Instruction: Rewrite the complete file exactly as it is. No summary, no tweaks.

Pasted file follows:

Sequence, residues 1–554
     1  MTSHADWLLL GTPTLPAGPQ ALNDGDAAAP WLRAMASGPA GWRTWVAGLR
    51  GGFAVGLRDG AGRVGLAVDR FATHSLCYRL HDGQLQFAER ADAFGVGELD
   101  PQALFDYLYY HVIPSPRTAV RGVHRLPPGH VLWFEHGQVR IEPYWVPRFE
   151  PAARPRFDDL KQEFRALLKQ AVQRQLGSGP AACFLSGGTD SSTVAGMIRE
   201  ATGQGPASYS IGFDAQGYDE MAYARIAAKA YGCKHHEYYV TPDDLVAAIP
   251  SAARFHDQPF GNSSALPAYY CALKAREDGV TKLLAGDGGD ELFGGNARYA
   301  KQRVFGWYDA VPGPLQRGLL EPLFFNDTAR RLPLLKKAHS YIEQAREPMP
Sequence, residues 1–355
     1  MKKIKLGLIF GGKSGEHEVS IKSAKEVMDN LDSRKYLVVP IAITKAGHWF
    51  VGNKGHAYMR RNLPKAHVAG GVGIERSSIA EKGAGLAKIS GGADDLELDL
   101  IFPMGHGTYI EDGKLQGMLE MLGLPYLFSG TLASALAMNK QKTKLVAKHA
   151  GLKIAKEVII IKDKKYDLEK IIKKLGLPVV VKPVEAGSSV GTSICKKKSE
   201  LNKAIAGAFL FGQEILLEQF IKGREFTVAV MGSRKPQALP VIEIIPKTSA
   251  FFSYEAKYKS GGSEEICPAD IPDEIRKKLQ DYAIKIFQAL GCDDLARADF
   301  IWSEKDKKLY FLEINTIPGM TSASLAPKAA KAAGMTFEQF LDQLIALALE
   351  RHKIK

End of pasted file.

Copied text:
Sequence, residues 1–554
     1  MTSHADWLLL GTPTLPAGPQ ALNDGDAAAP WLRAMASGPA GWRTWVAGLR
    51  GGFAVGLRDG AGRVGLAVDR FATHSLCYRL HDGQLQFAER ADAFGVGELD
   101  PQALFDYLYY HVIPSPRTAV RGVHRLPPGH VLWFEHGQVR IEPYWVPRFE
   151  PAARPRFDDL KQEFRALLKQ AVQRQLGSGP AACFLSGGTD SSTVAGMIRE
   201  ATGQGPASYS IGFDAQGYDE MAYARIAAKA YGCKHHEYYV TPDDLVAAIP
   251  SAARFHDQPF GNSSALPAYY CALKAREDGV TKLLAGDGGD ELFGGNARYA
   301  KQRVFGWYDA VPGPLQRGLL EPLFFNDTAR RLPLLKKAHS YIEQAREPMP
Sequence, residues 1–355
     1  MKKIKLGLIF GGKSGEHEVS IKSAKEVMDN LDSRKYLVVP IAITKAGHWF
    51  VGNKGHAYMR RNLPKAHVAG GVGIERSSIA EKGAGLAKIS GGADDLELDL
   101  IFPMGHGTYI EDGKLQGMLE MLGLPYLFSG TLASALAMNK QKTKLVAKHA
   151  GLKIAKEVII IKDKKYDLEK IIKKLGLPVV VKPVEAGSSV GTSICKKKSE
   201  LNKAIAGAFL FGQEILLEQF IKGREFTVAV MGSRKPQALP VIEIIPKTSA
   251  FFSYEAKYKS GGSEEICPAD IPDEIRKKLQ DYAIKIFQAL GCDDLARADF
   301  IWSEKDKKLY FLEINTIPGM TSASLAPKAA KAAGMTFEQF LDQLIALALE
   351  RHKIK